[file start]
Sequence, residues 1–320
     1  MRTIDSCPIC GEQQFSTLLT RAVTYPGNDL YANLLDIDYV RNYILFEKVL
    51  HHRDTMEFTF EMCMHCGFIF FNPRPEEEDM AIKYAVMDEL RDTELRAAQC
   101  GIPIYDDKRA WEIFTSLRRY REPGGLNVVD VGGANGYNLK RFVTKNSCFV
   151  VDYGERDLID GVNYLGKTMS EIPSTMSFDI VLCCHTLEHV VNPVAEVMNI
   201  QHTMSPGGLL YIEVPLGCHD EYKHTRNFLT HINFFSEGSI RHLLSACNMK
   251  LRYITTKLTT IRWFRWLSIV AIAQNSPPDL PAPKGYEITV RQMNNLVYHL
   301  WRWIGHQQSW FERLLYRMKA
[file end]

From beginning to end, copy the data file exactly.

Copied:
Sequence, residues 1–320
     1  MRTIDSCPIC GEQQFSTLLT RAVTYPGNDL YANLLDIDYV RNYILFEKVL
    51  HHRDTMEFTF EMCMHCGFIF FNPRPEEEDM AIKYAVMDEL RDTELRAAQC
   101  GIPIYDDKRA WEIFTSLRRY REPGGLNVVD VGGANGYNLK RFVTKNSCFV
   151  VDYGERDLID GVNYLGKTMS EIPSTMSFDI VLCCHTLEHV VNPVAEVMNI
   201  QHTMSPGGLL YIEVPLGCHD EYKHTRNFLT HINFFSEGSI RHLLSACNMK
   251  LRYITTKLTT IRWFRWLSIV AIAQNSPPDL PAPKGYEITV RQMNNLVYHL
   301  WRWIGHQQSW FERLLYRMKA